Nearly four in ten Canadian renters (36%) spend up to 30% of their net income on monthly rental costs. Meanwhile, roughly the same amount of renters (37%) spend between 31 and 50% of their income on rent, and 16% spend more than 50%. In Canada’s most expensive housing markets, Vancouver and Toronto, the proportion of renters who spend more than half of their income on rental costs increases to 27% and 19%, respectively. That figure dips to 10% in Montreal. 

According to the latest Rental Market Report by the Canadian Mortgage and Housing Corporation (CMHC), the average rent nationally for a two-bedroom unit in October 2023 was 8.0% higher than a year prior.2 Vacancy rates sat at 1.5% and 0.9%, respectively, for purpose-built rental buildings and condominium apartments.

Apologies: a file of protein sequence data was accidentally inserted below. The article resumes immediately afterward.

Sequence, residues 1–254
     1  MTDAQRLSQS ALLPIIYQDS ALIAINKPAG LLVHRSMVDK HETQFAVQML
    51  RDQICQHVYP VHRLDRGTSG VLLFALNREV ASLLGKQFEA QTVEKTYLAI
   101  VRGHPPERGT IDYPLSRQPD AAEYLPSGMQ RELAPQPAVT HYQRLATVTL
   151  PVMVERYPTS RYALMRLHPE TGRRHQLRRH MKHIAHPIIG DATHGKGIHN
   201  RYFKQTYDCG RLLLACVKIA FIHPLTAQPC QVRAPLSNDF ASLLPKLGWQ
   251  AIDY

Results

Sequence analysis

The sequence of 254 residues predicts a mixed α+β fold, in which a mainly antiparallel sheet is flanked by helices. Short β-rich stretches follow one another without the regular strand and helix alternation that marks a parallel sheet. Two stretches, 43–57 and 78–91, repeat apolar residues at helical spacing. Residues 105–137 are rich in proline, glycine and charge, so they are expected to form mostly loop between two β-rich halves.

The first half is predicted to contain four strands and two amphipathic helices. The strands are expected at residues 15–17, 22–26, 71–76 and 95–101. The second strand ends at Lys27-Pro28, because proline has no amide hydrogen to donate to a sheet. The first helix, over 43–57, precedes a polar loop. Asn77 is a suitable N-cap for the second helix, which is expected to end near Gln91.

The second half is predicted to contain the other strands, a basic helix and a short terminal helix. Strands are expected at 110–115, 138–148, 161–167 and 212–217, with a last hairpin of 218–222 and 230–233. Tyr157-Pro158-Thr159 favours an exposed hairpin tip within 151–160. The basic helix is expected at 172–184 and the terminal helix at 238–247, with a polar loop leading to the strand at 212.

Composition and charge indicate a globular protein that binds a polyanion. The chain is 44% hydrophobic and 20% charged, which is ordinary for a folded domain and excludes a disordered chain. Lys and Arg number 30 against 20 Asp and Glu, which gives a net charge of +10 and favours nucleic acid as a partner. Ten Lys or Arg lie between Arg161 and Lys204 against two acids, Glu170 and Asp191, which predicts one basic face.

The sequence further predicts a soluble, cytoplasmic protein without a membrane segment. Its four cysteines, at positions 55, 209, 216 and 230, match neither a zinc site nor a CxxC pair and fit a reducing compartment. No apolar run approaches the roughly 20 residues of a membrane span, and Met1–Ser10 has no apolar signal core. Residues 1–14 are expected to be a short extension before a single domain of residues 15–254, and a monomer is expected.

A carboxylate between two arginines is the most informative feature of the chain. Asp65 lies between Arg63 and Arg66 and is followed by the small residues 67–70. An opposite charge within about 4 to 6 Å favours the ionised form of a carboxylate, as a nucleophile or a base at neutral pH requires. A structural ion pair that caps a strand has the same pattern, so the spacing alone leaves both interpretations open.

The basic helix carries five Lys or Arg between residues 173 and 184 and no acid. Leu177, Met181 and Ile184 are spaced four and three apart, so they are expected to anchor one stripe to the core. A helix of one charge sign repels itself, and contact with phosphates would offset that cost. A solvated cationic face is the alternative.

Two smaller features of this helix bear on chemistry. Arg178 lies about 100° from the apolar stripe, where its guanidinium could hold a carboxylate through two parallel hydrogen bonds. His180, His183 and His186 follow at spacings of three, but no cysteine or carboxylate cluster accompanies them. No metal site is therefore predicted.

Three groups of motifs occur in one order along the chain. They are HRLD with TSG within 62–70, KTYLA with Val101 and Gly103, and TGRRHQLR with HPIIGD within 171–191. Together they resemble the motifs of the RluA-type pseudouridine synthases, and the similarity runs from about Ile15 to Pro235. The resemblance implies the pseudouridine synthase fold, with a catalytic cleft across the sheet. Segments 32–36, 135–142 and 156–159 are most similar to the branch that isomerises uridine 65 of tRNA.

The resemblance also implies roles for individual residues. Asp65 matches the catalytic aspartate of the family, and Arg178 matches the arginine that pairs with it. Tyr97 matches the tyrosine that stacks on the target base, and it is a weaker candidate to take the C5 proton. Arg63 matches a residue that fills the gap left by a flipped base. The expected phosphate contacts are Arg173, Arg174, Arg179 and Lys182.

“From coast to coast, Canadians are struggling with housing affordability in the wake of one of the most aggressive interest rate hike campaigns in history. Across many regions, rental demand vastly exceeds supply, making affordable housing a challenge. The housing industry and government must collaborate on innovative solutions to increase inventory, including rentals, and support those most impacted by these escalating market conditions,” concluded Soper.

Here are a few highlights from the Royal LePage 2024 Canadian Renters Report:

  • Of renters who say they plan to buy within the next two years, half (50%) say they will have a down payment of less than 20%

  • When asked how they will come up with their down payment, 53% of respondents said they will use savings accumulated over the years

  • 44% of renters planning to purchase in the next two years believe they will be able to afford a home in their current city of residence, while 37% do not 

  • In British Columbia, 25% of renters spend more than half of their net income on monthly rental costs, well above the national average of 16%